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Consider the fraction: $$ \frac{|c_1^\top z + b_1|}{c_2^\top z+b_2}$$ where $c_1,c_2 \in \mathbb{R}^n$ and $z \in S=\{x \in \mathbb{R}^n: c_2^\top x +b_2 >0 \}$. What is the supremum of this fraction with respect to $z \in S$ ? Ignore the trivial cases where $c_1=0$ and/or $c_2 = 0$.

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  • $\begingroup$ Are you looking for a computational method to compute this or an analytical expression? $\endgroup$ – skr Oct 19 '17 at 5:32
  • $\begingroup$ I am looking for an analytical expression in terms of the problem parameters. $\endgroup$ – Kcafe Oct 19 '17 at 22:39
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    $\begingroup$ @skr: I have rewritten my answer in response to your comment. I hope that it is clearer now. $\endgroup$ – John Bentin Oct 20 '17 at 11:34
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The task is to maximize$$\rho(\pmb x):=\frac{|\pmb c_1^\top\pmb x+b_1|}{\pmb c_2^\top\pmb x+b_2}$$over $\pmb x\in S:=\{\pmb x\in\Bbb R^n:\pmb c_1^\top\pmb x+b_2>0\}$, where $\pmb c_1$ and $\pmb c_2$ are nonzero. We distinguish the following two cases. In Case 1, $\pmb c_2^\top\pmb x+b_2=0$ implies that $\pmb c_1^\top\pmb x+b_1=0$ for all $\pmb x\in\Bbb R^n$. Otherwise Case 2 holds: that is, there is some $\pmb u\in \Bbb R^n$ such that $$\pmb c_2^\top\pmb u+b_2=0\quad\text{ and }\quad\varepsilon:= |\pmb c_1^\top\pmb u+b_1|>0.$$We deal with Case 1 first. This is when the hyperplane $\{\pmb x\in\Bbb R^n:\pmb c_1^\top\pmb x+b_1=0\}$ is contained within the hyperplane $\{\pmb x\in\Bbb R^n:\pmb c_2^\top\pmb x+b_2=0\}$. Since both hyperplanes have dimension $n-1$, they coincide. Therefore there is some real $\lambda\neq0$ such that $\pmb c_1^\top\pmb x+b_1=\lambda(\pmb c_2^\top\pmb x+b_2)$ for all $\pmb x\in\Bbb R^n$. Thus $\pmb c_1=\lambda\pmb c_2$ and $b_1=\lambda b_2$. Hence $\rho(\pmb x)=|\lambda\pmb c_2^\top\pmb x+\lambda b_2|/|\pmb c_2^\top\pmb x+b_2|=|\lambda|$, and this constant is consequently the supremum (and infimum) of $\rho$.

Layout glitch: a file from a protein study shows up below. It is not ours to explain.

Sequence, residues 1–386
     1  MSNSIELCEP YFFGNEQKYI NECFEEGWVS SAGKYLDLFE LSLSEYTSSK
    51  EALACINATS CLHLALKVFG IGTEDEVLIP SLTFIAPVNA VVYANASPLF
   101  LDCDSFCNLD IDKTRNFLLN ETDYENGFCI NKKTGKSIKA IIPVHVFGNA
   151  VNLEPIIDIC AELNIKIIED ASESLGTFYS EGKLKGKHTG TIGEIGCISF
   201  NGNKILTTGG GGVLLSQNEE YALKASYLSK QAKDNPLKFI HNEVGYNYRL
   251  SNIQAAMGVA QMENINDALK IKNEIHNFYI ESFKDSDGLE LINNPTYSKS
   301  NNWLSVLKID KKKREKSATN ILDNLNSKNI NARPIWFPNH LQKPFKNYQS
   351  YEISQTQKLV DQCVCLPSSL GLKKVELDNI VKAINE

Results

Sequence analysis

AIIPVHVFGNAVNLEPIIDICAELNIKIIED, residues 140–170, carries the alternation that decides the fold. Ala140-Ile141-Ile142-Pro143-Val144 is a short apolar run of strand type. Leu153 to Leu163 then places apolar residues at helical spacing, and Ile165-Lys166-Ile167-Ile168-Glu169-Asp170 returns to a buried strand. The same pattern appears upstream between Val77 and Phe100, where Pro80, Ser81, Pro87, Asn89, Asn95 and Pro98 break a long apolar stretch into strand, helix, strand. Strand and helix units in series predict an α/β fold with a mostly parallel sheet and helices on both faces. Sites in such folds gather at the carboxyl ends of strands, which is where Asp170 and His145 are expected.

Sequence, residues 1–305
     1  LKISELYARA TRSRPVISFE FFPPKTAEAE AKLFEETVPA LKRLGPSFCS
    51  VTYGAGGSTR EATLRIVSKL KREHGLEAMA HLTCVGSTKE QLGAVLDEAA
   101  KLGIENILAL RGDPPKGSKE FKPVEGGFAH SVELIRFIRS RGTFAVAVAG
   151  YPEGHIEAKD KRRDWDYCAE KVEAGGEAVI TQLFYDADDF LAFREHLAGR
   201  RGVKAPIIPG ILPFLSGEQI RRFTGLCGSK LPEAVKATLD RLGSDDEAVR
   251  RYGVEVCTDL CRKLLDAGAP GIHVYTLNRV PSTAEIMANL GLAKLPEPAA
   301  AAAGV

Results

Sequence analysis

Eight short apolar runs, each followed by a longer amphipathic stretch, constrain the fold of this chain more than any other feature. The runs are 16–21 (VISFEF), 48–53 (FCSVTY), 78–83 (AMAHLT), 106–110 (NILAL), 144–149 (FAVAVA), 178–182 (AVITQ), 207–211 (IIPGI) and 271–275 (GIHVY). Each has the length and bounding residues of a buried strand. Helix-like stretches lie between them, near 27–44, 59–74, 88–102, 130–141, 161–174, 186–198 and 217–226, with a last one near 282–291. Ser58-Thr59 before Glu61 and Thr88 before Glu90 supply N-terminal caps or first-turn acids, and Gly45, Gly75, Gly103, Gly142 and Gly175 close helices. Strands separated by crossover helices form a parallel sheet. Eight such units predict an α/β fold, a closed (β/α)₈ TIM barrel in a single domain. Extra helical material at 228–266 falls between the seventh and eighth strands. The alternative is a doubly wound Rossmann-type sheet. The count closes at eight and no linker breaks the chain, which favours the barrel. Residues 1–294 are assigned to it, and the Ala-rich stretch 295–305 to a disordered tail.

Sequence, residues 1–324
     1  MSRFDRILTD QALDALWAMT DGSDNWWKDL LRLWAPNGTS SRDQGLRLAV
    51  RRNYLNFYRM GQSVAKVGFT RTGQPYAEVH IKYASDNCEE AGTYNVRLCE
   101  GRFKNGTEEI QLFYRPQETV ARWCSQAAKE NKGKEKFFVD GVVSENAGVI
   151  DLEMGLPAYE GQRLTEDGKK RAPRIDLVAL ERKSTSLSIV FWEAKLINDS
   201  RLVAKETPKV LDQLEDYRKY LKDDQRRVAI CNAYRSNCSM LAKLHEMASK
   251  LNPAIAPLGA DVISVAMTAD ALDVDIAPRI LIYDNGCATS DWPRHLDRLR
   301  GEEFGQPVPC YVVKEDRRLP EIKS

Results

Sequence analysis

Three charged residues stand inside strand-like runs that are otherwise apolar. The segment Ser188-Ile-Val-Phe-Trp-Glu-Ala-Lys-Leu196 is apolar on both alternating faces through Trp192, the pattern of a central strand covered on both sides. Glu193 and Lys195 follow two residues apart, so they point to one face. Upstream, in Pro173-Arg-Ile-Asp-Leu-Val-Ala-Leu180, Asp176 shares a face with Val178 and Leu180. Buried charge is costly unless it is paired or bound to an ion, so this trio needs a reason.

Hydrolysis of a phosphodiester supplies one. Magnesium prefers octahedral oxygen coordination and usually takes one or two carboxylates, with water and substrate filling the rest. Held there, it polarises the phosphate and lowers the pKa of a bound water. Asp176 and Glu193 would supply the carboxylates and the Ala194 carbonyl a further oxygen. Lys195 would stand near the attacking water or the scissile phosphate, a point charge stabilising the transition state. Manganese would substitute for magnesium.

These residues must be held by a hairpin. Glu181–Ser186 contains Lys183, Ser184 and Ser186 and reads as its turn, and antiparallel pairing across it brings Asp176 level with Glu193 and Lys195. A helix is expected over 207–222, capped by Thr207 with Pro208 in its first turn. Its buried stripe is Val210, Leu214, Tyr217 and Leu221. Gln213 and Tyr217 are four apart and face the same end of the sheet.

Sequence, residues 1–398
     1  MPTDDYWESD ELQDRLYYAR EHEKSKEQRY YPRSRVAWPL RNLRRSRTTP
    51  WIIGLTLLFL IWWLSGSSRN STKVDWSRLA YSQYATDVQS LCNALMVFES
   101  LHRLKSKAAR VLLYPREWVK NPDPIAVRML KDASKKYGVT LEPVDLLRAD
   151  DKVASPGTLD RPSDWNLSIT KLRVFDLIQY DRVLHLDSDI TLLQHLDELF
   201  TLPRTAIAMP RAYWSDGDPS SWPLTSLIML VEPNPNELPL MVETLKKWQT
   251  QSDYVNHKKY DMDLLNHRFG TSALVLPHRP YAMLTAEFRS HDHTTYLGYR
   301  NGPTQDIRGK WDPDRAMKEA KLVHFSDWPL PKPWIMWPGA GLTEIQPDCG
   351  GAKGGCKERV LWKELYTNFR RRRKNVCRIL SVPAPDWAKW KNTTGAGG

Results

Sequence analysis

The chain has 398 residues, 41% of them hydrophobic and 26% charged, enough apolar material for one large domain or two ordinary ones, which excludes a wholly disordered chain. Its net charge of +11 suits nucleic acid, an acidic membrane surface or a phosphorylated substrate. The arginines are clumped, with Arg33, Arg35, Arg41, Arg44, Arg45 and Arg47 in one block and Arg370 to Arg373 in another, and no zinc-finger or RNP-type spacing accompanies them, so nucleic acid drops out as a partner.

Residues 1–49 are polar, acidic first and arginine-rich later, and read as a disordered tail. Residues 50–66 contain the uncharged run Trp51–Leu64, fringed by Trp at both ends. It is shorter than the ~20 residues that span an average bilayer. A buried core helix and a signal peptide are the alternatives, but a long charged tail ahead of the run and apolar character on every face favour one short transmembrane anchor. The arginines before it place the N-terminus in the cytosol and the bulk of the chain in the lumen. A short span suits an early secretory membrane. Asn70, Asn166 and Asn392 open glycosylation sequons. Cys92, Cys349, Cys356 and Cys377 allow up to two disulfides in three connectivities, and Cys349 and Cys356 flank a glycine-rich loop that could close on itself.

In the remaining (and general) Case 2, let $\pmb x=\pmb u+\varepsilon\delta\pmb c_2$, where $\delta>0$. Then$$\rho(\pmb x)=\frac{|\pmb c_1^\top\pmb u+b_1+\varepsilon\delta\pmb c_1^\top\pmb c_2|}{\varepsilon\delta\pmb c_2^\top\pmb c_2}\geqslant\frac{|\pmb c_1^\top\pmb u+b_1|-\varepsilon\delta|\pmb c_1^\top\pmb c_2|}{\varepsilon\delta\pmb c_2^\top\pmb c_2}=\frac1{\delta\pmb c_2^\top\pmb c_2}-\frac{|\pmb c_1^\top\pmb c_2|}{\pmb c_2^\top\pmb c_2}.$$By choosing $\delta$ small enough, the above quantity can be made arbitrarily large, and so the supremum of $\rho$ is $\infty$.

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  • $\begingroup$ I guess there are some typos wich make the answer not correct. For example in case 1: $c_2^\top X +b_2 =0$. I don't see why this is considered ? $\endgroup$ – Kcafe Oct 23 '17 at 0:09
  • $\begingroup$ @Kcafe: We are not considering the case $\pmb c_2^\top\pmb x+b_2=0$. What we are considering in Case 1 is when an implication holds: please read the statement carefully. When the implication holds, so does a particular relationship between the constant coefficients. It is the condition when this relationship holds, namely when a certain proportionality holds between the coefficients, that is considered. With Case 1 out of the way, it is possible (in Case 2) to find a vector $\pmb u$ (which is not in $S$) in order to construct $\pmb x=\pmb u+\varepsilon\delta\pmb c_2$, which is in $S$. $\endgroup$ – John Bentin Oct 23 '17 at 7:45

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